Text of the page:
Archives News

Featured image for “Ann Eliza Webb: The Woman Who Divorced Brigham Young”
March 22, 2023

Ann Eliza Webb: The Woman Who Divorced Brigham Young

The Utah State Archives and Records Service holds vital records for the state of Utah, including birth and death certificates, divorce records, and court records. Sometimes when perusing these records, an interesting story emerges. In a District Court Territorial Minutes book, Records and Information Management Specialist Maren Peterson unravels the story of Ann Eliza Webb suing her estranged husband, Brigham
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September 9, 2022

Mountain Meadows Massacre in the Records

What Happened The Mountain Meadows Massacre occurred in September 1857 in a highland valley roughly 35 miles southwest of Cedar City. The Baker-Fancher emigrant party, traveling through Utah on their way from Arkansas to California, was attacked by members of the local Iron County Militia and purportedly some local Paiute Indians. The emigrants fought back and a five day siege ensued. On the
Featured image for “2020-2021 in the Utah State Digital Archives”
July 14, 2021

2020-2021 in the Utah State Digital Archives

An infographic visualizing the last year in the Digital Archives with information on number of items, statistics on use, and notable additions.
Featured image for “Utah’s Road to Statehood: The Obstacle of Polygamy”
May 27, 2021

Utah’s Road to Statehood: The Obstacle of Polygamy

In the last post, we explored the political obstacles that prevented Utah from becoming a state until 1896. There was another large obstacle that made Congress wary of giving Utah statehood: polygamy. Polygamy started in April of 1841 when Joseph Smith married his first plural wife. By the time the Latter-Day Saints moved from Nauvoo, Illinois, to the Salt Lake
Featured image for “Utah’s Road to Statehood: Political Obstacles”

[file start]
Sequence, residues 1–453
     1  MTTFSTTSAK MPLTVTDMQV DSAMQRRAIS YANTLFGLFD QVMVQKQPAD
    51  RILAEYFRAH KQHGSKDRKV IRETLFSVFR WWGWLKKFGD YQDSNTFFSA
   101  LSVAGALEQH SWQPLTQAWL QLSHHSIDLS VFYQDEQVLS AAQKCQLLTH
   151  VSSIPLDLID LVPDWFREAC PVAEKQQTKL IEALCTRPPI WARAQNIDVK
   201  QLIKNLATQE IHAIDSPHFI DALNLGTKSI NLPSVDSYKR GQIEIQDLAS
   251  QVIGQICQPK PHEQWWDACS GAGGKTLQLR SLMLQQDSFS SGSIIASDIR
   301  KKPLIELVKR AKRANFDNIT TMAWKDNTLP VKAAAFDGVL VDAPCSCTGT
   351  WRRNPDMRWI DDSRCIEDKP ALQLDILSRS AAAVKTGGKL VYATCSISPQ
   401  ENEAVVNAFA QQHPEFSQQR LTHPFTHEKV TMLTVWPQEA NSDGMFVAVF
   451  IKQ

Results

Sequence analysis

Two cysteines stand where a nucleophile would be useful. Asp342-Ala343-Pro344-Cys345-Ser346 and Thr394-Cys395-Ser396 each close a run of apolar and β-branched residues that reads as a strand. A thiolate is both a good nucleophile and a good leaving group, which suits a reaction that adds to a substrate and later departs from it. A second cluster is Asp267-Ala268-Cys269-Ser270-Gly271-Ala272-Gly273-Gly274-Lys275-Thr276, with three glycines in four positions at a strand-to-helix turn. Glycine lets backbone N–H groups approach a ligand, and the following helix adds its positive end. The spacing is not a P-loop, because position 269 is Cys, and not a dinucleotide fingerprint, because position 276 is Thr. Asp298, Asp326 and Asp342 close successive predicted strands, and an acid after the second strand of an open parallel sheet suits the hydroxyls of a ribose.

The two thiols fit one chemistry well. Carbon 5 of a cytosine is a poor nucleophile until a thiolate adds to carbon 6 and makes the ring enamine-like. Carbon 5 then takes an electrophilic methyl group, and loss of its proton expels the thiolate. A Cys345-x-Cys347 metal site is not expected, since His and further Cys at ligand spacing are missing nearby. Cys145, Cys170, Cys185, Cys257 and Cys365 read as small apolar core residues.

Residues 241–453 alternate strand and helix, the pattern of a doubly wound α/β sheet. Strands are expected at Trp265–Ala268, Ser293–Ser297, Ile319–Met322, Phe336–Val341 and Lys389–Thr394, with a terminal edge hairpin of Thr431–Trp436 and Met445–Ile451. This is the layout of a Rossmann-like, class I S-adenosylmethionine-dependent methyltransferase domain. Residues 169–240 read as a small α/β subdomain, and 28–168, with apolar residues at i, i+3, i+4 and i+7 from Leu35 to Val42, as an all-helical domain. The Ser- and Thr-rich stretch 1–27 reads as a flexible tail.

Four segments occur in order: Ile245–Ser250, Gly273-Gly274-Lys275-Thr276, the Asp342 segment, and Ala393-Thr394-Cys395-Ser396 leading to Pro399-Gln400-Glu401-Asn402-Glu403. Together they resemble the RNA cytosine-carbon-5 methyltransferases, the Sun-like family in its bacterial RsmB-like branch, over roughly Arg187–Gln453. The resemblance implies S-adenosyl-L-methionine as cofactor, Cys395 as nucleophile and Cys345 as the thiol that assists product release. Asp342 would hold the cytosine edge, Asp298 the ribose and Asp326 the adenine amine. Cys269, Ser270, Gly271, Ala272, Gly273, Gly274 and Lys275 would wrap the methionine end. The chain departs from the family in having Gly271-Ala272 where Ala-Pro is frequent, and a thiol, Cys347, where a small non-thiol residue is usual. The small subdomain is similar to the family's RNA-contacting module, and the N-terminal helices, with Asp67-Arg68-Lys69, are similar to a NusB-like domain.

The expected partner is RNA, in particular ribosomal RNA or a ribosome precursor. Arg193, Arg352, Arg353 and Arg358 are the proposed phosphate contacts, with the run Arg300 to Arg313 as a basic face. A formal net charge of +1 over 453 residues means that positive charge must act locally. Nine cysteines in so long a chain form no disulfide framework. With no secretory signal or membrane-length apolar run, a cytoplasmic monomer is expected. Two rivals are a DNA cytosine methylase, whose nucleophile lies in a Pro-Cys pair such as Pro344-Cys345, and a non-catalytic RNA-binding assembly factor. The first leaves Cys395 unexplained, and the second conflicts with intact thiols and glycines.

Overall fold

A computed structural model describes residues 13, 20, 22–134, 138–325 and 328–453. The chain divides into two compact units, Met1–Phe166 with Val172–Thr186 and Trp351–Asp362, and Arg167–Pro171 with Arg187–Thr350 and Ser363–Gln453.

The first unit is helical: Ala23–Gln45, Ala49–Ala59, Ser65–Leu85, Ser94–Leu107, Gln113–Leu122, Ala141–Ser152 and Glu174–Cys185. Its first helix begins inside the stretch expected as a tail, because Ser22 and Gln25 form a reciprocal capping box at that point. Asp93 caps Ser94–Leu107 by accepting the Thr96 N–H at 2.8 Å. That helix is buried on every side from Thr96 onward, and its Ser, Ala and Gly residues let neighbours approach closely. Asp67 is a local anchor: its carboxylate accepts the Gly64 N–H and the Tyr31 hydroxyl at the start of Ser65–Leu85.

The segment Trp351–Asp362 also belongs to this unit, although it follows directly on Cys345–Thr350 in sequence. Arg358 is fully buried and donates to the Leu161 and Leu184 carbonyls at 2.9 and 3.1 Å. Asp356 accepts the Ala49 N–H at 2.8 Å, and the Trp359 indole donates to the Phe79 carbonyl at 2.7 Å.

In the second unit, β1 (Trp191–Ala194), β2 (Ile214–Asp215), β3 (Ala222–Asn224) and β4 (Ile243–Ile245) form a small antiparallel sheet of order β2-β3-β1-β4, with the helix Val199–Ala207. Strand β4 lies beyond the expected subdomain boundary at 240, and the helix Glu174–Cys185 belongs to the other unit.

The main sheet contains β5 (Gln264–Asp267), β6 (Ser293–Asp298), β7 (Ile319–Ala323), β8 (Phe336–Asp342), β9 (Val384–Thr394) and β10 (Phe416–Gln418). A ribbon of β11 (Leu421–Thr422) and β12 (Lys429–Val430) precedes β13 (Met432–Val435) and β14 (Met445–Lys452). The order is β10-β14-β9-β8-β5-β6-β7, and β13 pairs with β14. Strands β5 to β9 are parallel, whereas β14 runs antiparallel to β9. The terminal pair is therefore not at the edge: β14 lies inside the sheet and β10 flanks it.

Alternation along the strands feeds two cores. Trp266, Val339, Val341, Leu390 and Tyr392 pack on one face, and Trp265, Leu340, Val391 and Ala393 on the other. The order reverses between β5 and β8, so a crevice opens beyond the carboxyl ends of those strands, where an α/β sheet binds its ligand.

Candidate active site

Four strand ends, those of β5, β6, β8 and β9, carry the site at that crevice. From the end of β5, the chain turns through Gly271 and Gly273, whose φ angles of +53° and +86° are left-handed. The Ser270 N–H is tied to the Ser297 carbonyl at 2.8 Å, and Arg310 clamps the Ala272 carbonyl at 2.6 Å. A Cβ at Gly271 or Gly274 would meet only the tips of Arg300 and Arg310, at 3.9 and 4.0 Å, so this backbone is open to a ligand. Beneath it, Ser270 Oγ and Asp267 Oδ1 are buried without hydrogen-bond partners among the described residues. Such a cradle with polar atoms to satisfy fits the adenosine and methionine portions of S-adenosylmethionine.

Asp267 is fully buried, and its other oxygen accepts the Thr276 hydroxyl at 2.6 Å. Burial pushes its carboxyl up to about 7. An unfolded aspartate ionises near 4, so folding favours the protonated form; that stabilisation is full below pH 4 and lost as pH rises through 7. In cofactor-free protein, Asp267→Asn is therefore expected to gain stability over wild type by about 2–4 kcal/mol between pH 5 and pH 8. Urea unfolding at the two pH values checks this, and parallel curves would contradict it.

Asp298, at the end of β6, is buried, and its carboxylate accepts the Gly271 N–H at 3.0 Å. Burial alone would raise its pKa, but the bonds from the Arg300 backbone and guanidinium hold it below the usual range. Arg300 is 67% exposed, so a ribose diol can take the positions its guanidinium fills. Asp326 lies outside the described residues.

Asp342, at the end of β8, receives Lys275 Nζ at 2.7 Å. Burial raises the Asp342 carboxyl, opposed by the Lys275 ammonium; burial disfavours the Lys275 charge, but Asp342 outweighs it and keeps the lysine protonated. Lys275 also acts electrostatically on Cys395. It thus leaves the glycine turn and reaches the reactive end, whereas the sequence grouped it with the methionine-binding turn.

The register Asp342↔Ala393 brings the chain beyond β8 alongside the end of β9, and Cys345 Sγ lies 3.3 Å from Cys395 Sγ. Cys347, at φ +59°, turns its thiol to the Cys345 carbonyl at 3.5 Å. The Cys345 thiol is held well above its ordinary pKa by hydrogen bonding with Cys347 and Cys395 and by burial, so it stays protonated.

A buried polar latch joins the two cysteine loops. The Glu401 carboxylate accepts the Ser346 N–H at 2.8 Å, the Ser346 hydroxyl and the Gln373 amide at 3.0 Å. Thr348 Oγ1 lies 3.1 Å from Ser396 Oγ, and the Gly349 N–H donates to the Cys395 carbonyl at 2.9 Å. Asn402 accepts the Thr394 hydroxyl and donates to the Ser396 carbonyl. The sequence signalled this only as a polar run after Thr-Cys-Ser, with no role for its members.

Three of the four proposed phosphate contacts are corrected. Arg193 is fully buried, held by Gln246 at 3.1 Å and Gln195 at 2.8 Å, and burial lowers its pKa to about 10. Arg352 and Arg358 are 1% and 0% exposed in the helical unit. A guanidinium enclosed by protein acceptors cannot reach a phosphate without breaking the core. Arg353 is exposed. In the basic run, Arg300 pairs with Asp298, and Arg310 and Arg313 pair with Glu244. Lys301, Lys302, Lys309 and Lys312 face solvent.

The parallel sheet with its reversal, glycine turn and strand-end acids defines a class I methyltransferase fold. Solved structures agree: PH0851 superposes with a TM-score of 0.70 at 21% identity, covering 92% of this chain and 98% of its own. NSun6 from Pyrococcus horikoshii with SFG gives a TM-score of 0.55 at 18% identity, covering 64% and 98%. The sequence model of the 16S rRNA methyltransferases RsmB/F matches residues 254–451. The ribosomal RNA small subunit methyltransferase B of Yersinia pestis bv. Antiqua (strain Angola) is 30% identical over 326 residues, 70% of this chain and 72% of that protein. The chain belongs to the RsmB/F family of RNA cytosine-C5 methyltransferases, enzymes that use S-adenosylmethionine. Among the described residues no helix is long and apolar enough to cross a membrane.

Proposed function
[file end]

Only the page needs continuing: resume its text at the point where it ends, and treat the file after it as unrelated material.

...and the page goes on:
May 5, 2021

Utah’s Road to Statehood: Political Obstacles

As we continue our series on Utah’s Road to Statehood, we will explore the obstacles that prevented Utah from becoming a state until 1896. In early Utah, religion and politics were so closely intertwined that Congress refused to entertain the idea of statehood until the 1890s. Council of Fifty When the Territory of Utah was created in 1850, President Millard
Featured image for “Utah’s Road to Statehood—Latter-Day Saint Pioneers”
April 1, 2021

Utah’s Road to Statehood—Latter-Day Saint Pioneers

Welcome back to our series about Utah’s road to statehood. In this post we will explore some of the history of the Latter-day Saint pioneers who settled in the Salt Lake Valley in the later half of the nineteenth century. Immigration to Salt Lake Valley The Church of Jesus Christ of Latter-Day Saints was founded in 1830 in New York
Featured image for “Probate Records for Salt Lake County: Part 3 – Brigham Young”
August 24, 2020

Probate Records for Salt Lake County: Part 3 – Brigham Young

This post is the third in a 3-part series on the Salt Lake County Probate Case Files. See Part 1 and Part 2. When Brigham Young died on August 29, 1877, he left behind a thriving frontier community grown from a few arriving wagons in 1847. He also left behind a complicated set of heirs with the practice of polygamy,
Featured image for “1875-1876 John D. Lee Case File Online”
September 12, 2016

1875-1876 John D. Lee Case File Online

The Utah State Archives is pleased to announce that the historic Territorial Second District Court case file pertaining to the trial and conviction of John D. Lee for his role in the Mountain Meadows Massacre has been digitized and posted online on the Digital Archives. The records in this case file cover Lee’s first trial that began in July 1875 and
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February 18, 2015

Law in the Utah Territory

UTAH’S FIRST LEGISLATIVE ASSEMBLY The first legislative assembly in Utah’s history was convened in Salt Lake City on September 22, 1851. Over the course of six months, 13 members of the Territorial Council and 26 members of the Territorial House of Representatives passed a series of acts and bills that formally codified the first laws of the Utah Territory. The Utah
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February 2, 2013

Records from Territorial Governors Online

Recordkeeping was not quite the same for governors during the territorial period (1850-1895), compared to more recent years with offices full of staff to keep track of correspondence, photographs, and artifacts. The Archives does have a few things in its holdings to provide insight into territorial governance, which are now going online as part of the Utah Territory Project. Governor